In recent months, energy prices have risen at rates unseen since the 1980s. According to the U.S. Bureau of Labor Statistics, household energy costs are increasing, with customers paying 13.7% more for electricity and 13.1% for energy overall as of November 2022. These drastic changes are impacting pocketbooks around the country, leading to questions about deregulation’s role in rising prices.
What Is Deregulation in the Energy Industry?
Deregulation is when there are multiple energy suppliers within one area, giving customers more options when looking for gas, electricity or another energy source. Understanding the current debate over deregulation requires a quick history lesson. The U.S. energy market was highly regulated for much of the 20th century, resulting in a few government-approved utility companies having control over the supply.
These companies set the prices and residents had only one option for getting their electricity and gas. In the 1990s, however, several states began experimenting with deregulation. This attempt to resist monopolies comes alongside privatization, which is when energy production moves from public-funded ventures — like sanctioned utilities — to private businesses.
Currently, several U.S. states and territories have deregulated their energy market, including Texas, California, New Jersey, Maryland, Pennsylvania, Ohio and Michigan. Some have deregulated either their gas or electric networks, while others deregulate both.
Privatization and Rising Energy Prices
Since deregulation began in the 1990s, experts have debated whether it has had a net positive or negative effect on the U.S. energy market. While competition between a greater number of providers is intended to lower costs for customers, recent data indicates energy rates in deregulated states have risen faster than those in regulated states. Residents of deregulated areas pay an average of $40 more for electricity each month than their counterparts.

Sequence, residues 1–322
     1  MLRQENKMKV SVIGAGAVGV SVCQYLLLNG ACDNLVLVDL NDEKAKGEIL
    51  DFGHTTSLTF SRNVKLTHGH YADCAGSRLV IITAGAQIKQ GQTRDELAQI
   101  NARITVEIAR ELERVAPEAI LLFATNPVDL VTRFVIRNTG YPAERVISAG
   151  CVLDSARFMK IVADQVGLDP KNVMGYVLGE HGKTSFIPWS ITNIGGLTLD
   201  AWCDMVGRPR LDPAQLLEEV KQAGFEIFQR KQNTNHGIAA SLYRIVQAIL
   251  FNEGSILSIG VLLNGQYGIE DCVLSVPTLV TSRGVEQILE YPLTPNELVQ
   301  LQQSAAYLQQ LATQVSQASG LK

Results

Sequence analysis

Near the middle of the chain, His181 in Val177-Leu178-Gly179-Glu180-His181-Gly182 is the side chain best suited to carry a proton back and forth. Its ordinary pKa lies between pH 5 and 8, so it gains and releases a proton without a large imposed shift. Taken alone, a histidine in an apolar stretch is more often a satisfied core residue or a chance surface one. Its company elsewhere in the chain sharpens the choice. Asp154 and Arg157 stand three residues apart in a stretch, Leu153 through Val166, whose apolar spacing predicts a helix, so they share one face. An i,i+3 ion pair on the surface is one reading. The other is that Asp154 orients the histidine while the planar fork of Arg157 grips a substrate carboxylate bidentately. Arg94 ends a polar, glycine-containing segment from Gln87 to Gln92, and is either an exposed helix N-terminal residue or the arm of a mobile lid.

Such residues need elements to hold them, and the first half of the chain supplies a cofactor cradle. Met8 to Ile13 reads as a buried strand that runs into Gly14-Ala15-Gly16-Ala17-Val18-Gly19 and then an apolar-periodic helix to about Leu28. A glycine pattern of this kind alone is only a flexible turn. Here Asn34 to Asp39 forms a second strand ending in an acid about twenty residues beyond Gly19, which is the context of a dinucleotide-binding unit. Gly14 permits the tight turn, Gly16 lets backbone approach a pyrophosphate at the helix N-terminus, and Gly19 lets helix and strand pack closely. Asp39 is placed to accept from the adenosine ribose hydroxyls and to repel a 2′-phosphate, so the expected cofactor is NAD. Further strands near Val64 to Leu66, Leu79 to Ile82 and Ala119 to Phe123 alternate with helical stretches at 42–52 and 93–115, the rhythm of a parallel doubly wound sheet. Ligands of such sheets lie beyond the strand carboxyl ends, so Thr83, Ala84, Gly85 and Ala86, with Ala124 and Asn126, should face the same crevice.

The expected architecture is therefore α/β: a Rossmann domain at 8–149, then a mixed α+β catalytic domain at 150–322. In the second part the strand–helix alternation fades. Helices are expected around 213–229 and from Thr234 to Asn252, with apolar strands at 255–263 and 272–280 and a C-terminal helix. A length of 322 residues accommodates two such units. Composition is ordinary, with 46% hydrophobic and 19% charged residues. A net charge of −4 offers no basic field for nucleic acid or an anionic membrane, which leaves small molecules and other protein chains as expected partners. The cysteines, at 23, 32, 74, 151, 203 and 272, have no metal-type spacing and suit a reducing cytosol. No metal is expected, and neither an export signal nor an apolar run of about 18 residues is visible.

There are several reasons deregulation often leads to higher costs. While limited government interference and competition among suppliers encourage deregulated energy providers to operate more efficiently, higher operating costs offset these potential savings. Additionally, power companies take more profits than government-regulated utility companies, meaning any savings due to efficiency do not pass on to the customer.
These differences add up. Plus, energy consumers in deregulated markets often feel the impact when other issues affect energy costs.
Additional Causes of Higher Energy Costs
While deregulation plays a significant role in energy prices around the U.S., other factors have impacted the global market in recent years — including regulated and deregulated markets.
The COVID-19 pandemic served as a significant disruption to energy production worldwide. While there was an initial decline in costs at the start of 2020, the subsequent recovery period increased energy demand and prices. The pandemic’s impact on the workforce and production also complicated the supply chain for natural gas and oil.
As the world began bouncing back from the pandemic’s economic effects, energy prices once again rose after Russia — a major gas supplier to Europe — invaded Ukraine in February 2022. In addition to security and humanitarian concerns, the Russian war disrupted oil and gas energy supplies and increased price volatility.
Climate change is a third factor in rising costs recently. In states such as California and Texas, extreme and unpredictable weather has impacted energy prices. Recent heat waves, droughts, wildfires and freezing weather leave residents with excessive energy bills — that is, if they have power at all. Outages are now so frequent the White House has called on utility companies to take action.
The Impact of Deregulation on Renewable Energy
With so much instability in the gas, oil and electricity markets, many suppliers and consumers are increasingly interested in the potential of renewable energy sources. For example, solar and wind power have gained traction in recent years, making up a record 13% of energy in the U.S. in 2021.
Deregulation offers an opportunity to make these renewable energy sources available to even more households. Since multiple suppliers can exist within a single area under deregulation, smaller businesses are encouraged to form. While major corporations may not believe in the power of solar energy yet, these private companies have the flexibility to convert customers to cleaner energy, one household at a time.
The Future of Energy Deregulation
As the energy market continues to fluctuate, experts remain divided on whether deregulation is successfully breaking monopolies or pushing higher prices on customers. However, diversifying the energy market has potential as utility companies constantly search for the best supply solutions.
Jane Marsh works as the founder and editor-in-chief of Environment.co where she covers environmental news and sustainable living tips.